Before getting to the best methods for wax-removal, we also want to remind you to take the appropriate safety precautions. Make sure you consider major variables like high and low temperatures, especially considering that fast changes between the two might result in shattered glass. Just make sure to have things like oven mitts on hand, consider the materials you are working with, and the possible dangers of hot wax. Please be safe.
We want to help you get as much out of your candle as possible. While there are countless uses and places for your candle, there are a similar amount in the container your candle is poured in. Whether you’re trying to use it as a small vase, a new drinking vessel, or just a simple container, we want to help make sure you’ve got all of the wax out of it and that it’s clean. There are a few different ways you can go about doing this but you might find that it’s best to combine a couple of methods, just to be safe. Either way, every method listed below has some common steps to follow. Before any of them, you will want to loosen and remaining wax with a butter knife or spoon. It’s easier to clean the inside when you’ve taken out as much as possible and – if your container has a narrower mouth – it helps if you break up the wax first; the goal is to get as much out with minimal time and effort.
Most of these methods involve other materials so, as much as we would like you to keep our label, you might want to take it off before following any of these methods. Do also consider any needs you may have relating to wick-removal. While most should come off just by pulling, you may be left with some glue at the bottom or tape residue. Either way, the wick should come off, easily as a part of the process in any of the methods we provide. After that, you should have a fairly clean and empty jar, so you can start trying the following methods.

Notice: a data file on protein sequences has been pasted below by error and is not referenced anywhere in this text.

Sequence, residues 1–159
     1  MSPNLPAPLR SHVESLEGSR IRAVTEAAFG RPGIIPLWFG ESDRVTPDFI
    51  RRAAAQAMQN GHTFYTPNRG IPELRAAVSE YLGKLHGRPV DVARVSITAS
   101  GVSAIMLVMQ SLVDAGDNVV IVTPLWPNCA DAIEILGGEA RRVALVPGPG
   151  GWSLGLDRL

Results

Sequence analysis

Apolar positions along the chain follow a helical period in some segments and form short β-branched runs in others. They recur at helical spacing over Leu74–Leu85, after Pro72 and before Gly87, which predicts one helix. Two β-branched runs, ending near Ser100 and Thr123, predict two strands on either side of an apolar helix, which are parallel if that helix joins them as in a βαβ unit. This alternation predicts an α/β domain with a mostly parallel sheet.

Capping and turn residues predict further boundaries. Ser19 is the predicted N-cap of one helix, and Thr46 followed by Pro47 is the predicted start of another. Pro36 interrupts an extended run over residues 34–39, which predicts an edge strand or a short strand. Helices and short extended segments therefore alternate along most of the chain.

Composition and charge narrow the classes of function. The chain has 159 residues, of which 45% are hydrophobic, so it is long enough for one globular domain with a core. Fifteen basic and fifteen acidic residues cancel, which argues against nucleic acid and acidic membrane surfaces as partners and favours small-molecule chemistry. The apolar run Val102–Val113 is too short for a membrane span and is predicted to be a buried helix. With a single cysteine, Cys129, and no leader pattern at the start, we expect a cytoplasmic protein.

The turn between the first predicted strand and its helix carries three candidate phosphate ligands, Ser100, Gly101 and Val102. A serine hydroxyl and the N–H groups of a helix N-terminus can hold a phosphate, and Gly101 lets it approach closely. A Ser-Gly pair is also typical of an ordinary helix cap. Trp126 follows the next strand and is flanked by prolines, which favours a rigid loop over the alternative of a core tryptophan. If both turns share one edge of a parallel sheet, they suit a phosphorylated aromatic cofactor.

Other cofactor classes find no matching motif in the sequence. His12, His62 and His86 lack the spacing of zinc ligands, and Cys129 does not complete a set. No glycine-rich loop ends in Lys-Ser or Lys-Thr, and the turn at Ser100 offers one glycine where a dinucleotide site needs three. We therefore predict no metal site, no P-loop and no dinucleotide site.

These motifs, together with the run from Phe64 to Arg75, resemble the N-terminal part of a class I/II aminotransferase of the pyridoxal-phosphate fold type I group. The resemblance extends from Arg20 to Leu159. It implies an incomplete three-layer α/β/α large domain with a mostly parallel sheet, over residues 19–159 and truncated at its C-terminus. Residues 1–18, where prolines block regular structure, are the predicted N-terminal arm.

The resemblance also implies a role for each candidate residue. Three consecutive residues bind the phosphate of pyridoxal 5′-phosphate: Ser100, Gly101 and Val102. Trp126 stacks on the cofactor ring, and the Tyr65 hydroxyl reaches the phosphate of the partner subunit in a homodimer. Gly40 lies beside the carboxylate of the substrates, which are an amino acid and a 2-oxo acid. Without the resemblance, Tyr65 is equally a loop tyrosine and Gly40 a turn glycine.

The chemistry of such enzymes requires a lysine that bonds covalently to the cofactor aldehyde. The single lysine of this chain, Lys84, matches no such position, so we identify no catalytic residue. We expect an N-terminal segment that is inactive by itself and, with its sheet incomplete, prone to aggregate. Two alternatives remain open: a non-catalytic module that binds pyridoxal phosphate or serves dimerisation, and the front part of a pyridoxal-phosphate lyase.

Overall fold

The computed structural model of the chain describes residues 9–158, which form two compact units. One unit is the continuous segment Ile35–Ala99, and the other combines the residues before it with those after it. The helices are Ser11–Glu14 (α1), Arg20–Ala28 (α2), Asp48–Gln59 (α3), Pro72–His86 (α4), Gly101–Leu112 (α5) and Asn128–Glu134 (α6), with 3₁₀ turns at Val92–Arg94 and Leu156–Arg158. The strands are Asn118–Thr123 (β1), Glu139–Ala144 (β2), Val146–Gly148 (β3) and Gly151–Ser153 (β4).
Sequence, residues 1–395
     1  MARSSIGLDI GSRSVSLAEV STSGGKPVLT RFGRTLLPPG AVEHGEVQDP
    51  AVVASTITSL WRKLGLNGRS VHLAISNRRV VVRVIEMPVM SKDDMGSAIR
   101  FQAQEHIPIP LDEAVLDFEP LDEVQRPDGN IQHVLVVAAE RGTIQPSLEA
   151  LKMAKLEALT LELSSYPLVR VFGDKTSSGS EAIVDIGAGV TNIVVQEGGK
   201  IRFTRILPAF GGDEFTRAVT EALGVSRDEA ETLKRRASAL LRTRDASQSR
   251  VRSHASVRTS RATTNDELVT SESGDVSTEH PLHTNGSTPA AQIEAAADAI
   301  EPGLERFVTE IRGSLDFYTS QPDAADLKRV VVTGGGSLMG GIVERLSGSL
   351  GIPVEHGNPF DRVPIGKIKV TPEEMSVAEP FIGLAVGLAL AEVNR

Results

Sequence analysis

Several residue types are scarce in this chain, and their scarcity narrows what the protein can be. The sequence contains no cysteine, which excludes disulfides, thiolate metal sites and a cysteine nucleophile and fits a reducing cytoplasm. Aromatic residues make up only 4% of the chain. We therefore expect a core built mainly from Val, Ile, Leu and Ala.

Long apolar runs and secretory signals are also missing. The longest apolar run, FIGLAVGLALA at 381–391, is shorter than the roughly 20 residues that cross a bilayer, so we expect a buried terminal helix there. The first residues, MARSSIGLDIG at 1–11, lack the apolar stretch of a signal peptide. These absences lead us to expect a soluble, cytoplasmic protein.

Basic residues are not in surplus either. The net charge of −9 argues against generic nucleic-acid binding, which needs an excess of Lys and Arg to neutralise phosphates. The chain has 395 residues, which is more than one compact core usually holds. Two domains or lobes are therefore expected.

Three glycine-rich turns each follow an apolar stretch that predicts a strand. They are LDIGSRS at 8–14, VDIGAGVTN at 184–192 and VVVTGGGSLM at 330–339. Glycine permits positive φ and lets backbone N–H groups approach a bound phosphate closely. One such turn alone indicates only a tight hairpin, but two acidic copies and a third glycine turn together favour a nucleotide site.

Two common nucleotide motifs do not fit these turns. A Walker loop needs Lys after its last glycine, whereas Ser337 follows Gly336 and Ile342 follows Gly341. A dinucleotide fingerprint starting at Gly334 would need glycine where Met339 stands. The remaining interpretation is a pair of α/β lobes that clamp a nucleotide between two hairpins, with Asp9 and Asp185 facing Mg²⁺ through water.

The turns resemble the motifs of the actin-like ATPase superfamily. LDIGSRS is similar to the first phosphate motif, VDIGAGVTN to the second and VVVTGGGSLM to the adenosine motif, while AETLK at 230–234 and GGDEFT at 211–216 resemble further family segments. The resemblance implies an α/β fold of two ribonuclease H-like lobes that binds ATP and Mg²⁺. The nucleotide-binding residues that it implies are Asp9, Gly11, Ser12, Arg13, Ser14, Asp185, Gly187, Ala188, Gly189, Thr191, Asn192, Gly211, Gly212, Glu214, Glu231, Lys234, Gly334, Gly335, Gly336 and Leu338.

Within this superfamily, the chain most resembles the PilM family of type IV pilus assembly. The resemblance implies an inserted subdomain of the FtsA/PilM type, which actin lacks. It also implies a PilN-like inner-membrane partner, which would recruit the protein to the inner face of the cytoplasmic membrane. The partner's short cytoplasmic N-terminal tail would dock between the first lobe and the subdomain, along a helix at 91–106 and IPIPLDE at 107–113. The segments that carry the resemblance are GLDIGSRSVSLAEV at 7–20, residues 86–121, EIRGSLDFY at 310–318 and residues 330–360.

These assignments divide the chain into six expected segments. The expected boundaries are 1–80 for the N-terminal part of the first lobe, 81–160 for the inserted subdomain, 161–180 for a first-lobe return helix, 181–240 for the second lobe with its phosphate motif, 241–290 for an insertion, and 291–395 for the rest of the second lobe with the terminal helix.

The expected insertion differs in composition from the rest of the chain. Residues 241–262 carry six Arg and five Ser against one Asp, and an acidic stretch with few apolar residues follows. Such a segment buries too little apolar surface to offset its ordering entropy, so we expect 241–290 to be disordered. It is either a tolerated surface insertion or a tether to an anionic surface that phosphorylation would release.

This method is pretty simple. Just stick your container in a freezer for a few hours. Ideally, the wax will harden and shrink, essentially separating from the jar, allowing for simpler removal. You may need to break up the wax or force it up by pushing down on one side. Either way, it should be loose enough that some pressure should make it come up fairly easily.
Make sure you set your container on a protected surface, maybe even place it over a towel or newspaper for added security. Next, simply pour boiling water into the container, leaving some room at the top where the wax will rise and collect. Usually, softer waxes like soy or coconut will not need such high heat, but you should still expect to have pretty hot water. After, the wax will begin floating to the top, it will be a visible process. At this point, just let the container cool a little, remove the wax, and strain the water. Please make sure that you DO NOT dump any wax down the drain as that can lead to clogging. Repeat, if necessary.
This is similarly simple enough, but helpful if you have a few containers to empty at the same time. Line a baking pan or similar container with tinfoil or parchment paper. Place your containers upside down on the pan. Then, with your oven at temperatures between 180o -200o place the pan side and leave for approximately 15 minutes. Then, remove safely and place on any heat-resistant surface. The wax should have slid down the container and onto the paper or foil. Raise and hold the container with a towel or pot holder and wipe the inside with a paper towel to clean any remaining waxy residue. Let the container cool.
There are a few other methods you could try like double-boiling or using a hair dryer but we think these offer the best results for the work done. In any case, make sure your final touches include scraping off any residue, cleaning the container with soap and water, and wiping any remains with a dry towel. We look forward to having a place in your cupboard or counter-top for a long time.